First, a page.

From the Wall Street Journal:
Natural Gas Falls on Demand Concerns
Forecasts for the next two weeks continue to call for hot temperatures
Natural gas prices fell Tuesday to the lowest level since mid-June on concerns about weakening demand.One small quibble. The weather forecast was the 2x4 upside the head for the market but the realization the supply overhang won't start shrinking until the November withdrawals from storage begin was the proximate cause of what was just shy of panic selling this morning. Or as pointed out on July 29, and reiterated Friday:
Natural gas for September delivery settled down 13.3 cents, or 4.8%, to $2.615 a million British thermal units, the lowest settlement since June 16.
Prices have fallen for four straight sessions. Forecasts for the next two weeks continue to call for hot temperatures, but the end of the summer is quickly approaching. Hot weather fuels more air-conditioning use, increasing consumption of gas-fired power generation.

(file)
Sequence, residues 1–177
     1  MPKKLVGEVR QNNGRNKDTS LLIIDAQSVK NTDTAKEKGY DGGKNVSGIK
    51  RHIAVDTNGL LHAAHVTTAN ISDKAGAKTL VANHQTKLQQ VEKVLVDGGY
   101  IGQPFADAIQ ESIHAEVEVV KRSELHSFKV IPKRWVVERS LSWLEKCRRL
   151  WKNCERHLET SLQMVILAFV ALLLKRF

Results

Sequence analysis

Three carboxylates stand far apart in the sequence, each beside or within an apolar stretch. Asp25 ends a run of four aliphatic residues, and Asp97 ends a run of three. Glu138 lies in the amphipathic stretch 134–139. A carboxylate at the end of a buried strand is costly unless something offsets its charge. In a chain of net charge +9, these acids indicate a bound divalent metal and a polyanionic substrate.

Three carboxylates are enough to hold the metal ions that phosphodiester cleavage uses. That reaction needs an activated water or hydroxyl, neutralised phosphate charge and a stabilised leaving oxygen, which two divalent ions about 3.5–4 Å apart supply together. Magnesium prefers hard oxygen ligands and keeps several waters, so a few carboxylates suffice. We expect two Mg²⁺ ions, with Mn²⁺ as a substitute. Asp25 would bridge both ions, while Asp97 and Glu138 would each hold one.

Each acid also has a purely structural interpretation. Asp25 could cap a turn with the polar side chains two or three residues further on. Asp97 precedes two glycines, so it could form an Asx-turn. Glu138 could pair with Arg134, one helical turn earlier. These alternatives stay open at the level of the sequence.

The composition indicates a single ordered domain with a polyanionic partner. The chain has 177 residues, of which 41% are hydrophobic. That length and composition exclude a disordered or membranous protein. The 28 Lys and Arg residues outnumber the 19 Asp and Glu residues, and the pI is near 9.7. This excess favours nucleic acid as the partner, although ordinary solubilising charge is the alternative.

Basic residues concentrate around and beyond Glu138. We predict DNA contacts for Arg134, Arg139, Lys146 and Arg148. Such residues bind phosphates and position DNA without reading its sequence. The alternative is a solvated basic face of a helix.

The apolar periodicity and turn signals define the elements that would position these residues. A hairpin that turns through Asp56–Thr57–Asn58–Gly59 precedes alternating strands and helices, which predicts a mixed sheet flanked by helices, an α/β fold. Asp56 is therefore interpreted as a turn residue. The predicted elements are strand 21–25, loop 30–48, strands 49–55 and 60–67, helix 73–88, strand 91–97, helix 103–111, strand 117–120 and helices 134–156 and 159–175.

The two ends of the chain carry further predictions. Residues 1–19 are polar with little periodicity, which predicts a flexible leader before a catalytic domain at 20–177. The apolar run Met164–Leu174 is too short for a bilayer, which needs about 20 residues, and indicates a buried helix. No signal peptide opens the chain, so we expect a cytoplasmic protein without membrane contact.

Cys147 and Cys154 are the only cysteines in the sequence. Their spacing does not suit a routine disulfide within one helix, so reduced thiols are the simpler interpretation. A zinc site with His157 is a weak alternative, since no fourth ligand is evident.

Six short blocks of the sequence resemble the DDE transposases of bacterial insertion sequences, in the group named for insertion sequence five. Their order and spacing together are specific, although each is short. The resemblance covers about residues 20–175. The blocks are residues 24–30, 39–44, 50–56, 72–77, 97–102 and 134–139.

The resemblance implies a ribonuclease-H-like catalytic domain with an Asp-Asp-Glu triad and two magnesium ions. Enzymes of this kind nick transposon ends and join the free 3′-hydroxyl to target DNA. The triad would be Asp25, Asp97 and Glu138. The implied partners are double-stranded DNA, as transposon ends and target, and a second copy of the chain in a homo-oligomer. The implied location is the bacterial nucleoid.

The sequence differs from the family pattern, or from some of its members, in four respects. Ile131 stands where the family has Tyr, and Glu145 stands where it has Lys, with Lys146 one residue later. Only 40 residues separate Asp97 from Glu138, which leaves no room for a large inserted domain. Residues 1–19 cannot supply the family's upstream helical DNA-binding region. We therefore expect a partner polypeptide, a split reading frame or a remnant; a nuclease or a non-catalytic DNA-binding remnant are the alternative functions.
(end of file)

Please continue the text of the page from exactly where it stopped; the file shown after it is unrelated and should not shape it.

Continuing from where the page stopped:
“The natural gas market has taken a further step to the downside this morning as the updated 11-15 day temperature forecast looks somewhat cooler and less supportive than a day ago,” said Tim Evans, analyst at Citigroup, in a note.
The natural gas market is oversupplied, and some analysts say that stockpiles of the fuel could rise to new records this fall, when demand for natural gas typically declines....MORE
Yesterday was the largest upmove of the year (8%) with some follow-through today:
Although we were pointing out the coming heat wave back on July 13 with "Natural Gas: 'Massive heat dome forecast to bake much of U.S. by late next week'" it took the market an extra seven days to realize how much gas would go into powering the air conditioners.Emphasis in original. Here's last week's storage report, above the trailing five year high despite the unusual pull for the heat wave:
Now the thing to focus on is the fact that gas in storage is very, very high.
$2.891 last , +0.018.
Note: The shaded area indicates the range between the historical minimum and maximum values for the weekly series from 2011 through 2015. The dashed vertical lines indicate current and year-ago weekly periods.